Updated: 5 Car Brands That Should Improve Their Active Driving Assistance (ADA) Systems
Most newer cars have active driving assistance (ADA) systems. These systems combine the capabilities of lane-centering assistance (LCA) and adaptive cruise control (ACC). In theory, these car safety systems create a sorf-of barrier that always keeps the vehicle at a safe distance from others.
But recent findings show that not every ADA system is created equal. Ford’s BlueCruise appears to be one of the best, along with General Motors’ Super Cruise and Mercedes-Benz’s Driver Assistance. So which systems are on the opposite end of the spectrum and have some catching up to do?
5. Rivian Highway Assist
Highway Assist lives up to its promised capabilities of safely accelerating, braking, and steering a Rivian vehicle while traveling on the highway. However, it will likely fail to keep most drivers engaged because it doesn’t include cameras to monitor driver awareness. This inevitably causes drivers to become too reliant on the system, which could lead to more accidents.
Drivers also must restart the LCA each time they turn the steering wheel while Highway Assist is active. Still, CR’s tester gave Rivian’s Highway Assist high marks for a clean presentation. It displays GPS-based geo-fencing information on the instrument cluster, allowing drivers to see their vehicle’s exact position in the lane.
4. Nissan/Infiniti ProPILOT Assist
Nissan’s ADA system is reportedly too tricky for most drivers to use because of the steering wheel controls. There are only a few buttons to configure the system, but their actions aren’t clearly labeled. The ProPILOT Assist programmed into many Nissan vehicles also doesn’t have a camera system to track driver attentiveness.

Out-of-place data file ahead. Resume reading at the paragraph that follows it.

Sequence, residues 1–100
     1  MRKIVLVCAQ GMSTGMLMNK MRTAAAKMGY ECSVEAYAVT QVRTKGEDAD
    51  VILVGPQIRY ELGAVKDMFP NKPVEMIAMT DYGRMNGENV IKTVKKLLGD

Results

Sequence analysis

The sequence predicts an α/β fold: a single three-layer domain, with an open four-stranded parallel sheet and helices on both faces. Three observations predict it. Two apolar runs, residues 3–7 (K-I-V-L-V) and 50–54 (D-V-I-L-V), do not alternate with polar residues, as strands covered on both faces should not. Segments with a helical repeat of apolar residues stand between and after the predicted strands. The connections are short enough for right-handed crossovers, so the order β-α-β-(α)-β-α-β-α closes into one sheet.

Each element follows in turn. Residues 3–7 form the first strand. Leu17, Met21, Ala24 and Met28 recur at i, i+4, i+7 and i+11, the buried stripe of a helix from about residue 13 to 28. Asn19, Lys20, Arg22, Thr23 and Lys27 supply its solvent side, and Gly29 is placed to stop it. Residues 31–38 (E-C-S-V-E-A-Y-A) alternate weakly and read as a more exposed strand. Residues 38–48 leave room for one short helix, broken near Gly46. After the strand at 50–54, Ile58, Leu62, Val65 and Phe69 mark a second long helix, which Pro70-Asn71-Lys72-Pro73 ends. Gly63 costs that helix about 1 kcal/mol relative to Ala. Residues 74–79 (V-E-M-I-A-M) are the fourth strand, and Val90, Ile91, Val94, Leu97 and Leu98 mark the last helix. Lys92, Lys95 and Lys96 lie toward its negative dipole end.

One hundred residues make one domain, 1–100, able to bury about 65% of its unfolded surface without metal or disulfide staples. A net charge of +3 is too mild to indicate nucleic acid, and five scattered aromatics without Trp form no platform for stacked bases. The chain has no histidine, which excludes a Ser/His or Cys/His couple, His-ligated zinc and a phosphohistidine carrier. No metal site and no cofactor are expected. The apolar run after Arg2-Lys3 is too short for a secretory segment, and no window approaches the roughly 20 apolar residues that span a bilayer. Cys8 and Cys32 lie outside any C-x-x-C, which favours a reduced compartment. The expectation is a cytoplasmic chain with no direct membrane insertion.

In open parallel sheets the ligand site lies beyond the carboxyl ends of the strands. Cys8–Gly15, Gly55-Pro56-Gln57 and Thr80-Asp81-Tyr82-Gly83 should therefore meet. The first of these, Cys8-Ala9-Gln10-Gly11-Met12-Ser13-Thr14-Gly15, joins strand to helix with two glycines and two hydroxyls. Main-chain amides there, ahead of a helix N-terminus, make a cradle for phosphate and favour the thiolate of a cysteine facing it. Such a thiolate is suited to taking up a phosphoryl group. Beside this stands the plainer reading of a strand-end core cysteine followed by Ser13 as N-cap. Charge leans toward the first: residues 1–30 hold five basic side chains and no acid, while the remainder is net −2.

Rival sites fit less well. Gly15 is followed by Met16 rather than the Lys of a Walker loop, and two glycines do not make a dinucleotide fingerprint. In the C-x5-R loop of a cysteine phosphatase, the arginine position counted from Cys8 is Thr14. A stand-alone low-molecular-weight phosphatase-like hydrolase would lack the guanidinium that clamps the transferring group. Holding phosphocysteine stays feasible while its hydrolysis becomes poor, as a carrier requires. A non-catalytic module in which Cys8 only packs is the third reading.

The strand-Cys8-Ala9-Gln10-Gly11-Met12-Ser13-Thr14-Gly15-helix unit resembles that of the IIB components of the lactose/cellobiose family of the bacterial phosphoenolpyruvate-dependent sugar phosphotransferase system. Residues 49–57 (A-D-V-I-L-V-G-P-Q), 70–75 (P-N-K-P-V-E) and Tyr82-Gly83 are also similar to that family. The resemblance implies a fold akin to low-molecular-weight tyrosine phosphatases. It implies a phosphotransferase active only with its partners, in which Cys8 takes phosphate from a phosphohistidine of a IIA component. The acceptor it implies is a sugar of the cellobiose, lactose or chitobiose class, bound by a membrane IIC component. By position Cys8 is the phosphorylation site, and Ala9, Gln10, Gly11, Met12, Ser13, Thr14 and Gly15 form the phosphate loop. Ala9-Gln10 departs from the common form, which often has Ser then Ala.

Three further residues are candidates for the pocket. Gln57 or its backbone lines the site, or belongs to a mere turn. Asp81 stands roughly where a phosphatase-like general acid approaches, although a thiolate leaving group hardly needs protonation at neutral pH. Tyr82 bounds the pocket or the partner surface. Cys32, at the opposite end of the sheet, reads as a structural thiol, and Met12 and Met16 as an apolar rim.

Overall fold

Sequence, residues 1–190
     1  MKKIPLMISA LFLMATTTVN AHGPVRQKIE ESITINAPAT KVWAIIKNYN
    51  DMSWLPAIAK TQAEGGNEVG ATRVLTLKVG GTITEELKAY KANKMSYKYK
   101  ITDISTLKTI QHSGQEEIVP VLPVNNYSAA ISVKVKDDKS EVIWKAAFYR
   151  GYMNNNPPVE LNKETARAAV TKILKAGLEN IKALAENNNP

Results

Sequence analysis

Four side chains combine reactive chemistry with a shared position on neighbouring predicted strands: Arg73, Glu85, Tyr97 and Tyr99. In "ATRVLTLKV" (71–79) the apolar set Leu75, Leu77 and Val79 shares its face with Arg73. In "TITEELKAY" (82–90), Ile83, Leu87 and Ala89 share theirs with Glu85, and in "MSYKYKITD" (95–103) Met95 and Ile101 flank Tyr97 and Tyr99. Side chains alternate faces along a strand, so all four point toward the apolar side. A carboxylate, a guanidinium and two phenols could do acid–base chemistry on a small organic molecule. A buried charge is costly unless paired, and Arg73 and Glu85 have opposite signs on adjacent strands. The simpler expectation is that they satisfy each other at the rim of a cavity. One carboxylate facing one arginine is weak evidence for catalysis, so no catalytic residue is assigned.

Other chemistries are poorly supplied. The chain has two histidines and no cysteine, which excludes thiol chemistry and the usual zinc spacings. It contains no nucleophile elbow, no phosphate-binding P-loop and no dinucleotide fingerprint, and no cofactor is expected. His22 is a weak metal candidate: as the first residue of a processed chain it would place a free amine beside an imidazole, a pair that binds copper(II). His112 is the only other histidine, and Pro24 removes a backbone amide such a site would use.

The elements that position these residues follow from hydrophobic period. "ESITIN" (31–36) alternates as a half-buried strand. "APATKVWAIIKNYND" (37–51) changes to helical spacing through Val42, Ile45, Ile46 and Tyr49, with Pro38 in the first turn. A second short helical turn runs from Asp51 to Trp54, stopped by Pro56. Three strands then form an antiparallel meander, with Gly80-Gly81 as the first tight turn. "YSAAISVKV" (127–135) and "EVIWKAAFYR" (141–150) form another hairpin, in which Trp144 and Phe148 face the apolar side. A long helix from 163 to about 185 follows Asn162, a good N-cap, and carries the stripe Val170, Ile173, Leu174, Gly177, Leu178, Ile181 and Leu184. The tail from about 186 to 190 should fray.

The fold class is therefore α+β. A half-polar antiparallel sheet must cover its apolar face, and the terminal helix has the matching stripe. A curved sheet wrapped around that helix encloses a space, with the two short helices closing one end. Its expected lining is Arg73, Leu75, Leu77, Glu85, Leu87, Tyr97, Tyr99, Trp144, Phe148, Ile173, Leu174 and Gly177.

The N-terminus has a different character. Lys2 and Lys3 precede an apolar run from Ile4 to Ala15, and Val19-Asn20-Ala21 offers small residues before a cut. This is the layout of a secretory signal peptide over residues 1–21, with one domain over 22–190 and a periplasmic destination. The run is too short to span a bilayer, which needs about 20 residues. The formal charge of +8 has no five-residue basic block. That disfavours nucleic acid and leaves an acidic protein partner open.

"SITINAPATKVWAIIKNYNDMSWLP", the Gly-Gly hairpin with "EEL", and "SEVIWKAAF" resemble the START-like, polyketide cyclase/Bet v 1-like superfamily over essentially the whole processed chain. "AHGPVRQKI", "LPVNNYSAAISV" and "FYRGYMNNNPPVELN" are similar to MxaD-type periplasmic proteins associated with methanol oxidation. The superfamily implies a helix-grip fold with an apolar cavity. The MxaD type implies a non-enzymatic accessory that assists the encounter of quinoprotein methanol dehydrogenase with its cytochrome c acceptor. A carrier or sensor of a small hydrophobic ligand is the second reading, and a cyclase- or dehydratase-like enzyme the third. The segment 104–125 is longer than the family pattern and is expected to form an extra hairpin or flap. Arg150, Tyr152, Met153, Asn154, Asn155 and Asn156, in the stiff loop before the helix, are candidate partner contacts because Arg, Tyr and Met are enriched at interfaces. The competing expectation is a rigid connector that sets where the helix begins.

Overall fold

However, the automaker says it will add that feature to the Nissan Ariya via ProPILOT Assist 2.0. This updated version offers hands-off driving that can be activated on single-lane roads. With standard ProPILOT Assist, Nissan and Infiniti drivers can use it only if their hands are detected on the wheel. If not, the system will attempt to regain the driver’s attention several times before automatically deploying the brakes.
3. Honda Sensing/Acura AcuraWatch
Learning this ADA system is easy enough, and the driver will always know when it’s activated thanks to the illuminated instrument cluster. However, MotorTrend testers felt the adaptive cruise control adjusts the vehicle too roughly when trying to maintain a safe following distance.
Both Honda Sensing and AcuraWatch also got terrible scores for unresponsive driver mitigation. The system will shut off without warning if the driver doesn’t provide steering wheel feedback. It also makes no attempt to slow the car. However, CR appreciates that users can activate ACC and LCA independently.
2. Volvo/Polestar Pilot Assist
Like most ADA systems, Pilot Assist won’t tell drivers when they can safely use it. Additionally, during test drives, the system frequently switched into standby mode, where only the adaptive cruise control was operational. Test drivers felt these instances were random, detracting from the system’s ease of use. Also, no Volvo or Polestar model has a driver-facing camera monitor.
1. Hyundai/Kia/Genesis Highway Driving Assist
This version of Highway Driving Assist deactivates with no warning if it determines the driver isn’t paying attention. Also, the system reportedly couldn’t keep Kia cars inside the lane markers around curves in Consumer Reports testing. It also caused the vehicle to drift instead of settling on a consistent center-lane adjustment.
To its credit, Highway Driving Assist showcases some of the most intuitive LCA and ACC controls. It also ensures the driver uses it in the appropriate location (highways) by pulling info from the car’s navigation function. However, like any ADA system, it’s safe only when drivers devote their complete attention to the road.